Catching onto the fire: Mockingjay part one review


Anna Ogilvie and Emma Stewart

Ogilvie: Being thankful for an 8pm start time, we slid into the theater at 6:45. After flashing our neon wristbands (numbers 69 and 70), we were able to pass nearly half the line, and smiled back at our friends that had numbers in the 220’s. We waited for at max 15 minutes in line, and then had a good hour to relax in our prime seats waiting for the next greatest thing since the quarter quell.


Stewart: On the other hand, we rolled into Movies 12 at 11:30 for the Mockingjay showing at midnight. Okay, it was actually 12:01. We flashed our non-neon wristbands (a mediocre white in fact) numbering at 99, 121, and 122 at the snappy workers hanging onto the last thread of order. “Fire was catching” and we were ready to finally watch the 3rd installment of the Hunger Games series.


Ogilvie: Francis Lawrence has composed a masterpiece with a balance of cinematography and storyline. Though some people may be frustrated with the (fairly annoying, I must admit) trend of splitting movie finales into two parts, I felt like Mockingjay: Part One was full and dark. The violence wasn’t just random shooting but rather intense scenes of drama, suspense and graphic deaths. I really appreciated the time, soundtrack, and setting that went into the scenes in like District 10 and 8.


Stewart: Despite the recurring darkness in the film, at some point Suzanne Collins and Francis Lawrence decided to “let there be funny,” and so the perfectly timed humor in Mockingjay was born. The witty jokes that periodically took place to break up long streaks of seriousness were a relief from the constant building up of the impending war. Not only were the jokes perfectly timed, but they were actually funny. Nothing too cheesy, and they all had something to do with a dark scene beforehand. The bit of humor in the movie was the cherry on top of a perfectly constructed cake.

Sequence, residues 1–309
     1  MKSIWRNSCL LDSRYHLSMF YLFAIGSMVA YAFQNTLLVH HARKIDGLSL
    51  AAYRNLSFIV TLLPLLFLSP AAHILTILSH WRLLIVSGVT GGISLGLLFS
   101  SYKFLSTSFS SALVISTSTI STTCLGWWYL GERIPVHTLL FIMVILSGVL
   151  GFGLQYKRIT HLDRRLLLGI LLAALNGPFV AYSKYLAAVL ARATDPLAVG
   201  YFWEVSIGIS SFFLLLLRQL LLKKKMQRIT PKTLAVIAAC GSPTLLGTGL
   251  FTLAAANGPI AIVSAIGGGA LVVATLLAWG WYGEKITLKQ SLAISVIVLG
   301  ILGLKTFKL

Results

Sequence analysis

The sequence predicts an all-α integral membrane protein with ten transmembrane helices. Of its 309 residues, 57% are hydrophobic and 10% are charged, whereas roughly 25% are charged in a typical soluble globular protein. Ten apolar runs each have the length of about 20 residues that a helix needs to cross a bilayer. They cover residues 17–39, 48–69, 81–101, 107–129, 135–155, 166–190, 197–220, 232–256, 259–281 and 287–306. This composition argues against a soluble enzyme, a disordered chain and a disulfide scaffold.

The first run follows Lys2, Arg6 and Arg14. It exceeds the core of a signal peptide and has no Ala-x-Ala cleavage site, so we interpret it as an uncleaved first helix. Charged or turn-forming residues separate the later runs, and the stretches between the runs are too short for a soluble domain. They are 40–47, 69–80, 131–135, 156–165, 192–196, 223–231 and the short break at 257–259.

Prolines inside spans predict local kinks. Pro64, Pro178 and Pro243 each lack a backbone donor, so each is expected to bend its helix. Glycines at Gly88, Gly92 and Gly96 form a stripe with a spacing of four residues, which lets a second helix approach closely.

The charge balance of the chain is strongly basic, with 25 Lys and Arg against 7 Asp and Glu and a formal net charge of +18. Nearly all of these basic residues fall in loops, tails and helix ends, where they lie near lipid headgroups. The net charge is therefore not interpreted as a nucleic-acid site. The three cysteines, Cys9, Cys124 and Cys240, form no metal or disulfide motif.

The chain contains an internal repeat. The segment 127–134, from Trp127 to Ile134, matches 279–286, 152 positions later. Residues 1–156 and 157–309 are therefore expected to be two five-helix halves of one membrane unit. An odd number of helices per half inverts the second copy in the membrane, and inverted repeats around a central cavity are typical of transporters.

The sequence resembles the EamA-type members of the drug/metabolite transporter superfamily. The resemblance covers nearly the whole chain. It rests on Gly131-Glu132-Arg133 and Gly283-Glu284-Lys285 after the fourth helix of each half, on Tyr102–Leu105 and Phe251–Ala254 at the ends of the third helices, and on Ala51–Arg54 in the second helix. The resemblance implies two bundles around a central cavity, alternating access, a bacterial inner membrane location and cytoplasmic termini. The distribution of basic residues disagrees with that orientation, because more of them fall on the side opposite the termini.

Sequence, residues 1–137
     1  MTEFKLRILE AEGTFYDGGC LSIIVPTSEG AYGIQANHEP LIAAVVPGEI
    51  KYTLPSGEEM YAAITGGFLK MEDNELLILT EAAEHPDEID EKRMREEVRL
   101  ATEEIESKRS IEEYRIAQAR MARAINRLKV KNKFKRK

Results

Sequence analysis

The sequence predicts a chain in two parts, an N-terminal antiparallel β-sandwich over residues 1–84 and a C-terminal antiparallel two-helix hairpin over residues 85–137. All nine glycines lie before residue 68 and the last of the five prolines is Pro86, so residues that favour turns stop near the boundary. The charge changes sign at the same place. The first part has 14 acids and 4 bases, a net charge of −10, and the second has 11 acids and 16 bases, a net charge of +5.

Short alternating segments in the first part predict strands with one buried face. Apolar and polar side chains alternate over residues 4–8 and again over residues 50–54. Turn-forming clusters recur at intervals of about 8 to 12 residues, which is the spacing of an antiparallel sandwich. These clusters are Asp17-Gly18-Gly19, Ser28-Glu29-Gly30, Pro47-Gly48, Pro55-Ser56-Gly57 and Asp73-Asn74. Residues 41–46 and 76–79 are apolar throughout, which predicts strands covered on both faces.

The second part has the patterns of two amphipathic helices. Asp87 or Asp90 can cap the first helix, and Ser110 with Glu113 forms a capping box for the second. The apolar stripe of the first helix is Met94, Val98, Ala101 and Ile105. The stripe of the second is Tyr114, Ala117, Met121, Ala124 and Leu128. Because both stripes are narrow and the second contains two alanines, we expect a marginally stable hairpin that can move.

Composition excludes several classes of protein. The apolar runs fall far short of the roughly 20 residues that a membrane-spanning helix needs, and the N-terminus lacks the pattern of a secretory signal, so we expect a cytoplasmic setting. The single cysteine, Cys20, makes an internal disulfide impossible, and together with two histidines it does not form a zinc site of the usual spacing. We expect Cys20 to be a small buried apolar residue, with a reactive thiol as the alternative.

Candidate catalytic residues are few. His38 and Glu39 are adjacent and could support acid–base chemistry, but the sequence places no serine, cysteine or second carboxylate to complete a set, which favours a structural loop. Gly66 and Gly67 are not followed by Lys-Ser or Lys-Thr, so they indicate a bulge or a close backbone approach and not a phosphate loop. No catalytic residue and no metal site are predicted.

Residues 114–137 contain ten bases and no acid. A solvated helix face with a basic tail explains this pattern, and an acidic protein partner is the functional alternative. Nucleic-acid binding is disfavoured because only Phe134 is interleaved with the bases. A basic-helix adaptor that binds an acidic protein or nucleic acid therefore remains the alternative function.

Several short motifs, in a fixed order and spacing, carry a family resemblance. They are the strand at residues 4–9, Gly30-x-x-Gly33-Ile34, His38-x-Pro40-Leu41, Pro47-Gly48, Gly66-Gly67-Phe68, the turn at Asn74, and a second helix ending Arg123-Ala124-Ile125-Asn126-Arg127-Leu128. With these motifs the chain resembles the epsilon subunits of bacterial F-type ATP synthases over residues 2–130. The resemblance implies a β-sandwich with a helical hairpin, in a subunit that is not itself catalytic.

Ogilvie: After years of screaming fangirls posting on tumblr “Team Peeta or Gale?”, Mockingjay is the real MVP by toning down the love triangle. Yes, there was one scene where Katniss tried to put the moves on Gale and he shot it down, but overall, the overarching theme of the movie was overthrowing the capital, not falling in love. It was well composed, and Katniss’s commitment to Peeta did drive the movie, but didn’t overpower it.


Stewart: A very noticeable shift from the previous installments of The Hunger Games was in the costuming and use of symbols. Did anyone else notice Peeta’s piercing tie in his interviews with Caesar Flickerman? The white tie he donned was shaped into a point that stuck into his neck everytime he spoke. Perhaps a symbol for the tortuous ways of the Capitol. Another obvious change was in Effie’s flamboyant style. “Forced” into a life of jumpsuits, Effie suddenly became a major figure in the plot.   


Ogilvie: I was able to get lost in the movie and even jumped at a dramatic scene that I knew was coming. Overall, I’m thrilled I got to go to a ‘midnight’ premiere with one of my best friends and share in the joy of having one of my favorite book series come to life.

Stewart: I also jumped at scenes I knew were coming, laughed at jokes I’d already heard, and was even surprised by a few things I had forgotten; all while attending the actual midnight premiere. Mockingjay surpassed my expectations enough that I even went to see it again two days later.